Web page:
Members take an insider's look at historic Richmond
May 5, 2012
This April members of Historic New England's Appleton Circle traveled south to Richmond, Virginia, with President and CEO Carl Nold for a four-day excursion to the historic city. The capital of Virginia, Richmond is rich in American history, from the earliest days of English colonies, to its influential role leading up to the Revolutionary War, and to the Civil War when it served as the capital of the Confederacy.
The group met with Alex Nyerges, director of the newly expanded Virginia Museum of Fine Arts, and visited the museum's beautiful exhibitions, including the Fabergé collection and the Art Nouveau and Art Deco collection. Members also spent a day visiting two plantation homes in Charles City by the James River. Located about twenty-five miles southeast of downtown Richmond, these establishments are some of the earliest successful settlements after Jamestown. The continued existence and operations of these plantation homes and grounds today is a testament to the dedicated families who have made it their mission to preserve their ancestral home and share their passion and legacy with the next generation.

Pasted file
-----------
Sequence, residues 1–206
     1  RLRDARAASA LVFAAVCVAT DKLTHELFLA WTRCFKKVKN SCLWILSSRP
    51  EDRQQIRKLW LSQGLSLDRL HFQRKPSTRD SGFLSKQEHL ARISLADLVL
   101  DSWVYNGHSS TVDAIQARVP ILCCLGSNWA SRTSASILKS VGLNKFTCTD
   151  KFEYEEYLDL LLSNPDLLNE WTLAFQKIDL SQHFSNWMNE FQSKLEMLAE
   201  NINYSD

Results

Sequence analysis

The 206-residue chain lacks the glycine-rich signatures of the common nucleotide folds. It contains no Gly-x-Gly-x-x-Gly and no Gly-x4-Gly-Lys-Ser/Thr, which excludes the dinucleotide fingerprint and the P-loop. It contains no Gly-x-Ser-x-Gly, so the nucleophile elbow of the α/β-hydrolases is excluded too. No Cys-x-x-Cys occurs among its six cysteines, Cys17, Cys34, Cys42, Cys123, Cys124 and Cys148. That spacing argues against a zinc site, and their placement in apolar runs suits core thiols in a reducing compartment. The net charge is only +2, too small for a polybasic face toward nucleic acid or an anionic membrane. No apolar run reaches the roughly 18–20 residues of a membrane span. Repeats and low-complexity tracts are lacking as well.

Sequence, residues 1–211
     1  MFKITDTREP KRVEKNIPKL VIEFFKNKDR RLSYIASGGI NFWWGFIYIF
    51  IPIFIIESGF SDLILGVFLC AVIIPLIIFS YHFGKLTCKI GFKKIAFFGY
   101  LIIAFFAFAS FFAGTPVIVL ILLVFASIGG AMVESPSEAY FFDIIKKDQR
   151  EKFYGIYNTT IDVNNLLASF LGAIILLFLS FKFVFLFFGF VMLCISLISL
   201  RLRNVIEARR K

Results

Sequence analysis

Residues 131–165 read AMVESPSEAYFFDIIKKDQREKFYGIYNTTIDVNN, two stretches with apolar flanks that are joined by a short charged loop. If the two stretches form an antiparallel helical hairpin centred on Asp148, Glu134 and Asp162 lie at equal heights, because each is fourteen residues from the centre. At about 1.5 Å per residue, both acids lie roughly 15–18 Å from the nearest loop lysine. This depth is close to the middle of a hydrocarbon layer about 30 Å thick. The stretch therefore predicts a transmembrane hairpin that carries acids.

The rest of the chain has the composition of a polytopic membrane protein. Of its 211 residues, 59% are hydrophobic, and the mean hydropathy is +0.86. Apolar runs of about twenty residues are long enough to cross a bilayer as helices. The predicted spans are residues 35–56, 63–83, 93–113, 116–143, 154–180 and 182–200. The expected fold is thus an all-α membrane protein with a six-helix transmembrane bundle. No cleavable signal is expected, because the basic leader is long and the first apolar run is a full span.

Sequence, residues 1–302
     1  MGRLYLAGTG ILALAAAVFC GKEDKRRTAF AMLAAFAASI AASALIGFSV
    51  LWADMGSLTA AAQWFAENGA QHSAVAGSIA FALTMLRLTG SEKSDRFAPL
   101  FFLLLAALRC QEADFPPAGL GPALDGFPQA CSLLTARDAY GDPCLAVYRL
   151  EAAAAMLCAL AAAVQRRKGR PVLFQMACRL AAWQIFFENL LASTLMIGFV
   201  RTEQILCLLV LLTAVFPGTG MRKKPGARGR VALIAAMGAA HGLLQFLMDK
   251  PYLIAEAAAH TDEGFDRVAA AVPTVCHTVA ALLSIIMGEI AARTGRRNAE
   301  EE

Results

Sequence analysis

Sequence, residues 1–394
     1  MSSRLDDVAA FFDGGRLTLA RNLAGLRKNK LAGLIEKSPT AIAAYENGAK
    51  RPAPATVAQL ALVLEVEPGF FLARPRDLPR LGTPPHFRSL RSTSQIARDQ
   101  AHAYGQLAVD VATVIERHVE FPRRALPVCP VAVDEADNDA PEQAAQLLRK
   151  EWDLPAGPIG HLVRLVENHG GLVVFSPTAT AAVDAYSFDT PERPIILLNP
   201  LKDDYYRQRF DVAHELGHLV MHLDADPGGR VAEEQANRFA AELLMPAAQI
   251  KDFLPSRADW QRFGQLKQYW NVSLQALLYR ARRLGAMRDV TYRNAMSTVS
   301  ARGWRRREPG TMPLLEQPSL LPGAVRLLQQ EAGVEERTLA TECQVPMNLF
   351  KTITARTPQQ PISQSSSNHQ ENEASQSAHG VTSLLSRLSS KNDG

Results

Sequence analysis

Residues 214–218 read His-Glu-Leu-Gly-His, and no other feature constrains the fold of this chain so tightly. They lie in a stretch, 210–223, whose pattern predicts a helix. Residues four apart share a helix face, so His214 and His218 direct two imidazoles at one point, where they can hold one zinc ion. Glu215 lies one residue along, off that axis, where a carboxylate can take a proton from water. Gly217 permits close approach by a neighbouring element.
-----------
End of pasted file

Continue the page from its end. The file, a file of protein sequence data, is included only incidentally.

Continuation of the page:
Appleton Circle members enjoyed private receptions at the homes of Richmond collectors and a private estate on the National Register of Historic Places. The travelers stayed in the iconic and historic Jefferson Hotel, built in 1895 by Richmond benefactor Major Lewis Ginter. The New York firm Carrère and Hastings designed the Beaux Arts-style hotel, complete with a statue of Thomas Jefferson by Edward Valentine under the stained-glass domed skylight of Tiffany glass.